Barcelona: Temple of the Sagrada Familia.
As we all know, in Europe we are not short of impressive churches. Well, none of them, except Saint Peter’s Basilica in the Vatican, receives more visitors that the one you’re looking at: the Basilica and Expiatory Temple of the Holy Family, as it is called by its full name.
Its first stone was placed in 1882, and Antonio Gaudi was there to see it. But, he was invited as a viewer, since the architect that was in charge of the work was the one and only Francisco de Paula del Villar y Lozano. He had been chosen by Josep Maria Bocabella, who was the promoter and responsible for the project, but then things started to go wrong between the pair of them. Bocabella, proposed another architect - Martorell. Martorell rejected it and suggested his assistant Gaudi, a talented architect who was 30 years old at the time.
So, Antoni, without even knowing it, suddenly found himself in control of what was to be the work of his life. He started by changing everything, that’s the way Gaudi was, and soon the project had his very own stamp. He began with a Neo-Gothic style to reach a personal one, away from the recreations of the past. A style that ended up distinguishing him, too, from the rest of the architects of modernism times.
It didn’t matter how many genuinely Gothic elements he introduced to the monument, such as pinnacles, flying buttresses, pointed arches or stained glass windows, Gaudi's work only looked like Gaudi's. And over a century after he has made it even more evident, don’t you think?
The architect worked in the church for more than forty years and dedicated his last fifteen exclusively to it. He multiplied his efforts and his presence in the workplace, being increasingly aware that he would never see the temple concluded because to finish it, he believed, would take a very long time. What a visionary you were, Antoni…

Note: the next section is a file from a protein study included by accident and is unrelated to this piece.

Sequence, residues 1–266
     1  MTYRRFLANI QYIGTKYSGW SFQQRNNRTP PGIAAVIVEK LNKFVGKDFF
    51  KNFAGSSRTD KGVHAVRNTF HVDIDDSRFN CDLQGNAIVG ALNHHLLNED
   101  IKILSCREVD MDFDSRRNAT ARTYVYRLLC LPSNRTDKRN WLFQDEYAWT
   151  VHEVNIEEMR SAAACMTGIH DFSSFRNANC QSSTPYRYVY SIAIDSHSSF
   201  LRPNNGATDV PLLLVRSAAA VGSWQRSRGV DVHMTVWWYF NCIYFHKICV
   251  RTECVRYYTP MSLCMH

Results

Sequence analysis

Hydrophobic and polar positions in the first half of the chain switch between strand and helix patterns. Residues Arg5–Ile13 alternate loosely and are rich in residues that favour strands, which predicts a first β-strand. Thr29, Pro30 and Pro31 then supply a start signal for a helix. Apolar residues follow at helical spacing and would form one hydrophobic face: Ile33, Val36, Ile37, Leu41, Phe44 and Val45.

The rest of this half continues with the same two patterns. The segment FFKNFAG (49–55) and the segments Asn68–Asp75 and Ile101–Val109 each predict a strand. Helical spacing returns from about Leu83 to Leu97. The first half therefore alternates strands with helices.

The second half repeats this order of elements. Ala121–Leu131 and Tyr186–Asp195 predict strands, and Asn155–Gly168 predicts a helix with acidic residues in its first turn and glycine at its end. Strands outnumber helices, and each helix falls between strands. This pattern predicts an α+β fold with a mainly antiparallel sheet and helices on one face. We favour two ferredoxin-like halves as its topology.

Changing, redesigning and redefining everything as the construction progressed, Gaudi decided to give some definitive shape to his ideas using a few moulds made of plaster. After the death of the genius, his assistant Domènec Sugrañes took care of the moulds and also took charge of the operations in the temple.
But the Civil War was just around the corner, and to celebrate its beginning, what a better idea than to set fire to the workshop where the moulds were kept, along with a lot of plans and sketches left by Gaudí to guide his successors. Luckily, not everything was carbonised, and they were able to build a replica of one of the designs, which is now exhibited in the Basilica’s museum.
Today, well into the twenty-first century, the Sagrada Familia remains unfinished. Some people blame the cause of such slowness to the faithful, who have never fully understood the meaning of an expiatory temple: because of course, if it was a question of atonement for sins by making donations for construction, people should have been more splendid, and it should’ve happened more frequently. So as you can see: this delay, it’s the people’s fault. As usual…